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The Demand for Cocaine and Marijuana by Youth

In: The Economic Analysis of Substance Use and Abuse: An Integration of Econometrics and Behavioral Economic Research

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  • Frank J. Chaloupka
  • Michael Grossman
  • John A. Tauras

Abstract

In recent years, the debate over the costs and benefits of legalizing the use of currently illicit drugs has been revived. This paper attempts to inform this debate by providing some evidence on the effects of illicit drug prices and legal sanctions for drug possession and sale on youth drug use. Data on cocaine and marijuana use by high school seniors are taken from the 1982 and 1989 Monitoring the Future surveys. Site-specific data on cocaine prices and legal sanctions for the possession and sale, manufacture or distribution of cocaine and marijuana are added to the survey data. The results indicate that youth cocaine demand is sensitive to price, with average past year and past month cocaine demand elasticities of -1.28 and -1.43, respectively. In addition, the estimates suggest that increased sanctions for the possession of cocaine and marijuana have a negative and statistically significant impact on youth cocaine and marijuana use. However, the magnitude of these estimates implies that very large increases in the monetary fines that can be imposed for first offense possession would be necessary to achieve meaningful reductions in use. Finally, sanctions for the sale, manufacture or distribution of cocaine and marijuana were found to have little impact on youth cocaine and marijuana use.
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Suggested Citation

  • Frank J. Chaloupka & Michael Grossman & John A. Tauras, 1999. "The Demand for Cocaine and Marijuana by Youth," NBER Chapters,in: The Economic Analysis of Substance Use and Abuse: An Integration of Econometrics and Behavioral Economic Research, pages 133-156 National Bureau of Economic Research, Inc.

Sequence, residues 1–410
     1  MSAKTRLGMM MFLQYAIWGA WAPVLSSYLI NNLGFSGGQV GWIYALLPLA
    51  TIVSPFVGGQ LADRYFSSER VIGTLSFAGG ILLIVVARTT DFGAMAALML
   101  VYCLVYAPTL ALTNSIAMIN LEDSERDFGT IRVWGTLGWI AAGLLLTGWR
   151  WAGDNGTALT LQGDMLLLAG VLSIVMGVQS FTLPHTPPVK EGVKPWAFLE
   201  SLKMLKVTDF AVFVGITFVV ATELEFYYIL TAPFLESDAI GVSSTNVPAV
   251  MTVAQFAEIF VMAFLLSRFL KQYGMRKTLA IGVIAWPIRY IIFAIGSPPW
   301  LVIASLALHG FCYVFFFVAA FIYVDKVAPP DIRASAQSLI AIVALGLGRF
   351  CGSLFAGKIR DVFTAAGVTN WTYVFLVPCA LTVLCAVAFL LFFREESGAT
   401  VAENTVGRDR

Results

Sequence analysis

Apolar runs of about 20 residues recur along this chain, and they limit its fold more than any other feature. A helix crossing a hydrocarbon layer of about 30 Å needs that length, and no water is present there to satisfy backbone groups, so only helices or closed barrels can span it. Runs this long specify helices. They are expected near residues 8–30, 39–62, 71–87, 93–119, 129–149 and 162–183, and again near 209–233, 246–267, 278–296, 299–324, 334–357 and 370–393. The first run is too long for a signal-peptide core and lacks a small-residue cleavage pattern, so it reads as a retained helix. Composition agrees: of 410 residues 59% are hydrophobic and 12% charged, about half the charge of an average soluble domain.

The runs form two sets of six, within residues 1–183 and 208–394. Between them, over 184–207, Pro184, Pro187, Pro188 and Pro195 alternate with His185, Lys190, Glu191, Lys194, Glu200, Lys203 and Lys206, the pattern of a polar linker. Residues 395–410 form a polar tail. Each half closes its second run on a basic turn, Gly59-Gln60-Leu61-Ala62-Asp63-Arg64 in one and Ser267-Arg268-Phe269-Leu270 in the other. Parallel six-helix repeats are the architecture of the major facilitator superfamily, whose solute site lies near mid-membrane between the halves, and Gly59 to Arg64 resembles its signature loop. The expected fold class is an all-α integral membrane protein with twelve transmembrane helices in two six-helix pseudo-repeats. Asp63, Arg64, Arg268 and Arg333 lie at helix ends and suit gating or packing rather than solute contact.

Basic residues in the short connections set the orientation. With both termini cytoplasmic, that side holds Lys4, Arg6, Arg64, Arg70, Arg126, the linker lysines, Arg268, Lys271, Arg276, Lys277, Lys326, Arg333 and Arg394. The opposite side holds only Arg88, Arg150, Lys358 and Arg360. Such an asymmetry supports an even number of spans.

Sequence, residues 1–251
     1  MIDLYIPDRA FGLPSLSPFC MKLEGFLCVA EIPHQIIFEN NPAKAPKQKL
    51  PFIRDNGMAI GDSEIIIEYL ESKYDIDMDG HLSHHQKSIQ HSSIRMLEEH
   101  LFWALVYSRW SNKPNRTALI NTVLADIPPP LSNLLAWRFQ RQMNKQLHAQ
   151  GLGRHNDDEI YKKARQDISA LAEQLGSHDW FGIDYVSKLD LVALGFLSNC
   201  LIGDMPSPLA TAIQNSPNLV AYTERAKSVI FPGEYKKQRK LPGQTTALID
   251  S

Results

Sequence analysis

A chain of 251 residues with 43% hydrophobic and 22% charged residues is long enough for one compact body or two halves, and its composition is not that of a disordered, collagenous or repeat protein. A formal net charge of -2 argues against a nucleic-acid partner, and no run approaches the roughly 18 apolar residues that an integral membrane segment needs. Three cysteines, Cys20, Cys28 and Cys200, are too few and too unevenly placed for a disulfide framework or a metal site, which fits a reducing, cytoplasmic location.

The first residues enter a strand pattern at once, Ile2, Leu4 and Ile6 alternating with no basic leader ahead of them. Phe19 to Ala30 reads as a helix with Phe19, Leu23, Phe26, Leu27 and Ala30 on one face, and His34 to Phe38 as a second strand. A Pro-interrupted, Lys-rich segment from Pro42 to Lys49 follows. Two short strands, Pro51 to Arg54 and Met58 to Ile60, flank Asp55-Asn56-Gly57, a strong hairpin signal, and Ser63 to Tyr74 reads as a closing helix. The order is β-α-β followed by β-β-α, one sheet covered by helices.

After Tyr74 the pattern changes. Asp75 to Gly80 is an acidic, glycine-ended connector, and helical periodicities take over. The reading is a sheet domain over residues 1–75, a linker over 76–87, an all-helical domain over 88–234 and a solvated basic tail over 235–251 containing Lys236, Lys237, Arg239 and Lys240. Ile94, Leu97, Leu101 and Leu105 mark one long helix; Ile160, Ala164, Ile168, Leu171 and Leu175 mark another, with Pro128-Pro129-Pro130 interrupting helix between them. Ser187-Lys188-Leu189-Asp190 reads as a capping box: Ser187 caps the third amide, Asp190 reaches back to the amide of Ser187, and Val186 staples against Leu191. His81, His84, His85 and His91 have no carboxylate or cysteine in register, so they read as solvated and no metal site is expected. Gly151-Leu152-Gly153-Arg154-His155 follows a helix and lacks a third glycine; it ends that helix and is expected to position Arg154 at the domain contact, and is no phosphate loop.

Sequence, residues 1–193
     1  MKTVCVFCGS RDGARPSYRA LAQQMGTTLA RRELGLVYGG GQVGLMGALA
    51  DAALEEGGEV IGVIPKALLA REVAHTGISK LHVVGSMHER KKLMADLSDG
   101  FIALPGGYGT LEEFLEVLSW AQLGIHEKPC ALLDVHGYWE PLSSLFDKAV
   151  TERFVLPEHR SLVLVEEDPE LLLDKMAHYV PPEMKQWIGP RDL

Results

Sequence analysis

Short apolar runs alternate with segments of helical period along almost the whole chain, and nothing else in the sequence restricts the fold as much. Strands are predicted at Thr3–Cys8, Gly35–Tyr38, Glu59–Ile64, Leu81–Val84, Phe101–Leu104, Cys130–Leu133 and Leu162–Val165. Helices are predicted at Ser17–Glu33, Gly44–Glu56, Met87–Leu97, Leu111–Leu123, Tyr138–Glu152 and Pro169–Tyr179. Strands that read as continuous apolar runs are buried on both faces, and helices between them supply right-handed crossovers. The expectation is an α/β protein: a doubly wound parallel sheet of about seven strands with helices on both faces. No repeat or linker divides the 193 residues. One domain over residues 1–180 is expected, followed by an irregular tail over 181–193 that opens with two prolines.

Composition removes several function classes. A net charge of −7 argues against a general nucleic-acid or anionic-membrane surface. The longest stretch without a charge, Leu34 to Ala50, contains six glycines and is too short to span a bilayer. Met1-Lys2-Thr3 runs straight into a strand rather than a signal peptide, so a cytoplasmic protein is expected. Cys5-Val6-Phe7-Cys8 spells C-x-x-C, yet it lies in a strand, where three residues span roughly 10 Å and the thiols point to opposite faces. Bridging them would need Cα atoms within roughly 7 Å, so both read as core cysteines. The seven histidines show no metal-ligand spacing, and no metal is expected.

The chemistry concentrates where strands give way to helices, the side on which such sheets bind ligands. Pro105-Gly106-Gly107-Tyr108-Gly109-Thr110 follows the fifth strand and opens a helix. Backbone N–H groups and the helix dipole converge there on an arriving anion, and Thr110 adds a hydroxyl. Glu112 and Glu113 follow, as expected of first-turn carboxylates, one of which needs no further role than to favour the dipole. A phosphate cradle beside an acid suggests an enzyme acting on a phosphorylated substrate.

• Handle: RePEc:nbr:nberch:11158
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    References listed on IDEAS

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    1. Grossman, Michael & Chaloupka, Frank J., 1998. "The demand for cocaine by young adults: a rational addiction approach," Journal of Health Economics, Elsevier, vol. 17(4), pages 427-474, August.
    2. Pacula, Rosalie Liccardo, 1998. "Does increasing the beer tax reduce marijuana consumption?," Journal of Health Economics, Elsevier, vol. 17(5), pages 557-585, October.
    3. John DiNardo & Thomas Lemieux, 1992. "Alcohol, Marijuana, and American Youth: The Unintended Effects of Government Regulation," NBER Working Papers 4212, National Bureau of Economic Research, Inc.
    4. Cragg, John G, 1971. "Some Statistical Models for Limited Dependent Variables with Application to the Demand for Durable Goods," Econometrica, Econometric Society, vol. 39(5), pages 829-844, September.
    5. Silverman, Lester P. & Spruill, Nancy L., 1977. "Urban crime and the price of heroin," Journal of Urban Economics, Elsevier, vol. 4(1), pages 80-103, January.
    6. Becker, Gary S & Murphy, Kevin M, 1988. "A Theory of Rational Addiction," Journal of Political Economy, University of Chicago Press, vol. 96(4), pages 675-700, August.
    7. Nisbet, Charles T & Vakil, Firouz, 1972. "Some Estimates of Price and Expenditure Elasticities of Demand for Marijuana Among U.C.L.A. Students," The Review of Economics and Statistics, MIT Press, vol. 54(4), pages 473-475, November.
    8. DiNardo, J. & Lemieux, T., 1992. "Appendix Table for: Alcohol, Marijuana and American Youth: The Unintented Consequences of Government Regulation," Papers 92-17, California Irvine - School of Social Sciences.
    9. van Ours, Jan C, 1995. "The Price Elasticity of Hard Drugs: The Case of Opium in the Dutch East Indies, 1923-1938," Journal of Political Economy, University of Chicago Press, vol. 103(2), pages 261-279, April.
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